Chris Tilling has initiated a debate on hell. Amongst other things, he questions whether hell need be understood as the infinite, eternal punishment of the wicked. See here & here for the posts and to follow the discussion.
Jonathan Edwards taught the eternal, conscious punishment of the wicked on this basis:
God is a being infinitely lovely, because he hath infinite excellency and beauty. To have infinite excellency and beauty, is the same thing as to have infinite loveliness. He is a being of infinite greatness, majesty, and glory; and therefore he is infinitely honourable. He is infinitely exalted above the greatest potentates of the earth, and highest angels in heaven; and therefore he is infinitely more honourable than they. His authority over us is infinite; and the ground of his right to our obedience is infinitely strong; for he is infinitely worthy to be obeyed himself, and we have an absolute, universal, and infinite dependence upon him.
So that sin against God, being a violation of infinite obligations, must be a crime infinitely heinous, and so deserving of infinite punishment.- Nothing is more agreeable to the common sense of mankind, than that sins committed against any one, must be proportionably heinous to the dignity of the being offended and abused; as it is also agreeable to the word of God, I Samuel 2:25. "If one man sin against another, the judge shall judge him;" (i.e. shall judge him, and inflict a finite punishment, such as finite judges can inflict;) "but if a man sin against the Lord, who shall entreat for him?" This was the aggravation of sin that made Joseph afraid of it. Genesis 39:9. "How shall I commit this great wickedness, and sin against God?" This was the aggravation of David's sin, in comparison of which he esteemed all others as nothing, because they were infinitely exceeded by it. Psalm 51:4. "Against thee, thee only have I sinned."-The eternity of the punishment of ungodly men renders it infinite: and it renders it no more than infinite; and therefore renders no more than proportionable to the heinousness of what they are guilty of.
See here for full text of Edwards on The Justice of God in the Damnation of Sinners.
If sin does not deserve infinte and eternal punishment, why did the Son of God have to become flesh in order to atone for sin? Only he as an infinite Person could propitiate God's holy wrath aganist our sin. John Owen reflects on the infinite value and sufficiency of the death of Christ in the following quote:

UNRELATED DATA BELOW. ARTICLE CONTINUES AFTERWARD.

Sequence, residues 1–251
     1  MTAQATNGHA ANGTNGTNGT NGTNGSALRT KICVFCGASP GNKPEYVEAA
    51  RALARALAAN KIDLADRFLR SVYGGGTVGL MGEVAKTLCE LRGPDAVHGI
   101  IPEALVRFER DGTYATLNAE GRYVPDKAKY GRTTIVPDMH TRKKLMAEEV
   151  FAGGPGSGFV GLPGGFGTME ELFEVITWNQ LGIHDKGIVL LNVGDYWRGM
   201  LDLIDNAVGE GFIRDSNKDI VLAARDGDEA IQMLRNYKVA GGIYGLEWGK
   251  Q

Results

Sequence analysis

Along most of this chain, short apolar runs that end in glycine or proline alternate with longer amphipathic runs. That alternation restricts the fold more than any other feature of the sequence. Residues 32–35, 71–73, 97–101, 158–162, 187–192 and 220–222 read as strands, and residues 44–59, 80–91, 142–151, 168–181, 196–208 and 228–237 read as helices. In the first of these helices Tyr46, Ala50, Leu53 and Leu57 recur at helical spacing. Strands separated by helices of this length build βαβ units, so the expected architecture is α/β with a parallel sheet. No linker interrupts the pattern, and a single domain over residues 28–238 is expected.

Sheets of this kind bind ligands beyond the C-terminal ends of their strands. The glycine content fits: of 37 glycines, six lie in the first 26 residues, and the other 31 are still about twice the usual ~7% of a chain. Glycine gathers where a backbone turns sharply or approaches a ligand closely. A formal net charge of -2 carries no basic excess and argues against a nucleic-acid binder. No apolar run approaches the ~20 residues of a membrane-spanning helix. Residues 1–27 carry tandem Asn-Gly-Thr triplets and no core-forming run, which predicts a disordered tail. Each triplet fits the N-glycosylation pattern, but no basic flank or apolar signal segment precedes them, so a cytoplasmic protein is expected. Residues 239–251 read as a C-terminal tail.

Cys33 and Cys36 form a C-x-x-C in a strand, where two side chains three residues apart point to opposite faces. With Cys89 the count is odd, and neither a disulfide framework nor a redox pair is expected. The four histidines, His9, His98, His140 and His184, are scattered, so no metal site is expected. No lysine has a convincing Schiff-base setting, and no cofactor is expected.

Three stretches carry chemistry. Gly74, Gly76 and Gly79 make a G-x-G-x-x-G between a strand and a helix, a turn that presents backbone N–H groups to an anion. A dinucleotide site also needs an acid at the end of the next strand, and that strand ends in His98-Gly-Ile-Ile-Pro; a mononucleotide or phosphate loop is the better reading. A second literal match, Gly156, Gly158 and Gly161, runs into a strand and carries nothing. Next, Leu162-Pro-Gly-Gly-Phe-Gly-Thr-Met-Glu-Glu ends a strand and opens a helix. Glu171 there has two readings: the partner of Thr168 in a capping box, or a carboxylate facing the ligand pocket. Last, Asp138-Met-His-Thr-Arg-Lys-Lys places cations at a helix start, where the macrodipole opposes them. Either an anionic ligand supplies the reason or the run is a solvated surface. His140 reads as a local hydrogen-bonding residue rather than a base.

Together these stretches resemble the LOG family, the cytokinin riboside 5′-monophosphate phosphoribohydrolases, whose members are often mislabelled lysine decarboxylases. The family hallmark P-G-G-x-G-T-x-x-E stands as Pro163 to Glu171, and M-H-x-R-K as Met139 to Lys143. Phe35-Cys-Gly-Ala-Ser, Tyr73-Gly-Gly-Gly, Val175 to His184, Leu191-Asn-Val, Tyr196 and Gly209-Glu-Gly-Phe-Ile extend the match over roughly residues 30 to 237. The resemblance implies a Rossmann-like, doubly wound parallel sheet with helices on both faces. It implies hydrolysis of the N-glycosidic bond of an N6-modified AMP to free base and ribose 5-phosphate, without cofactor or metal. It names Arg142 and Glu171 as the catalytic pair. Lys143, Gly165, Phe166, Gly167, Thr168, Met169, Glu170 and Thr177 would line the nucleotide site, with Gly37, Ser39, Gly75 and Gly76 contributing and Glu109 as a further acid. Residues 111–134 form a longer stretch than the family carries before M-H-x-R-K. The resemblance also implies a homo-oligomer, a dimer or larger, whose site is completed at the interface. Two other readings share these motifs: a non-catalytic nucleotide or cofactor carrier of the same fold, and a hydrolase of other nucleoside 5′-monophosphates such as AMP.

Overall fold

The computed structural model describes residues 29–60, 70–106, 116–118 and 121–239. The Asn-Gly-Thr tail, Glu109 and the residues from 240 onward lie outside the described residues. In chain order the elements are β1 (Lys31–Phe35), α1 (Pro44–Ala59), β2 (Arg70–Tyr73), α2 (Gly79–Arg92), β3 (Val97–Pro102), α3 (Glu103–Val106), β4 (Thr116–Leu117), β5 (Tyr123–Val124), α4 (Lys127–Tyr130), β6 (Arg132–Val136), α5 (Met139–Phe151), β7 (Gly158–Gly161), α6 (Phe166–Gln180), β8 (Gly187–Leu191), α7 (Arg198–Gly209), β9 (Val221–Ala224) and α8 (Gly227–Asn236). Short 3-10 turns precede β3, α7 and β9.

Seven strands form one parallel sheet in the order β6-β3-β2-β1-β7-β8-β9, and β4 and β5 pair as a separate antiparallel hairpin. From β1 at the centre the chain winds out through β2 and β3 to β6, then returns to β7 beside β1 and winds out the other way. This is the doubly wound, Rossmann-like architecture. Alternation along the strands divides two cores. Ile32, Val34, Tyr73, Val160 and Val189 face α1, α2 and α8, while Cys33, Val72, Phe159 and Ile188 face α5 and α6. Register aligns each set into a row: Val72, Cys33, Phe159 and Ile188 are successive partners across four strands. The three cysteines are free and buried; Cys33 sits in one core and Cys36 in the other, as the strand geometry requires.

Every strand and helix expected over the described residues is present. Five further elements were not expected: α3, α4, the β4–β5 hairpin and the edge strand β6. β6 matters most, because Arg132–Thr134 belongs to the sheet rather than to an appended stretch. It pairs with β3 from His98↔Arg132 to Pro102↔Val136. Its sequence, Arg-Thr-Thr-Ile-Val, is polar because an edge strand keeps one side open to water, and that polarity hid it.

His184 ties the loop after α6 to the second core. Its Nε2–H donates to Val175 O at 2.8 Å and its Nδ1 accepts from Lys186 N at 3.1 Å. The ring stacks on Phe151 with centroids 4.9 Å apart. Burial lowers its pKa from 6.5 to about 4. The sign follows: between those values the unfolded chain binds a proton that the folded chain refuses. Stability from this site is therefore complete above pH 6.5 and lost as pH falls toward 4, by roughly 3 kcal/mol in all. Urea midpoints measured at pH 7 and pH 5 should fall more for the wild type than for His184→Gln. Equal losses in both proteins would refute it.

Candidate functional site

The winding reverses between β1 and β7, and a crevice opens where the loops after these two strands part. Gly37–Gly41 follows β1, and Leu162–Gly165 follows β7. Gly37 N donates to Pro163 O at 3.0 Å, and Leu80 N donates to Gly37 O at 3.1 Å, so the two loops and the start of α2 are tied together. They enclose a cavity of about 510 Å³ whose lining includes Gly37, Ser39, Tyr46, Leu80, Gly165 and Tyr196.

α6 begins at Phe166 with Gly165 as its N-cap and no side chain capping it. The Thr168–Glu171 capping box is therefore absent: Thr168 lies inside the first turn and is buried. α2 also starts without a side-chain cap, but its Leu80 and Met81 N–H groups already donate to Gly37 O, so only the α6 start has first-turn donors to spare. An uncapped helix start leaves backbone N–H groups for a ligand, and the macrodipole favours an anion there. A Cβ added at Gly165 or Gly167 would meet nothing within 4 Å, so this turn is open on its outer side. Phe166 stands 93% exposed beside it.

The first thing that we shall lay down is concerning the dignity, worth, preciousness, and infinite value of the blood and death of Jesus Christ. The maintaining and declaring of this is doubtless especially to be considered; and every opinion that doth but seemingly clash against it is exceedingly prejudiced, at least deservedly suspected, yea, presently to be rejected by Christians, if upon search it be found to do so really and indeed, as that which is injurious and derogatory to the merit and honour of Jesus Christ. The Scripture, also, to this purpose is exceeding full and frequent in setting forth the excellency and dignity of his death and sacrifice, calling his blood, by reason of the unity of his person, “God’s own blood,” Acts xx. 28; exalting it infinitely above all other sacrifices, as having for its principle “the eternal Spirit,” and being itself “without spot,” Heb. ix. 14; transcendently more precious than silver, or gold, or corruptible things,1 Pet i:8; able to give justification from all things, from which by the law men could not be justified, Acts xiii. 28.
Now, such as was the sacrifice and offering of Christ in itself, such was it intended by his Father it should be. It was, then, the purpose and intention of God that his Son should offer a sacrifice of infinite worth, value, and dignity, sufficient in itself for the redeeming of all and every man, if it had pleased the Lord to employ it to that purpose; yea, and of other worlds also, if the Lord should freely make them, and would redeem them. Sufficient we say, then, was the sacrifice of Christ for the redemption of the whole world, and for the expiation of all the sins of all and every man in the world. This sufficiency of his sacrifice hath a twofold rise:— First, The dignity of the person that did offer and was offered. Secondly, The greatness of the pain he endured, by which he was able to bear, and did undergo, the whole curse of the law and wrath of God due to sin. And this sets out the innate, real, true worth and value of the blood-shedding of Jesus Christ.
See here for full text of Owen's The Death of Death in the Death of Christ.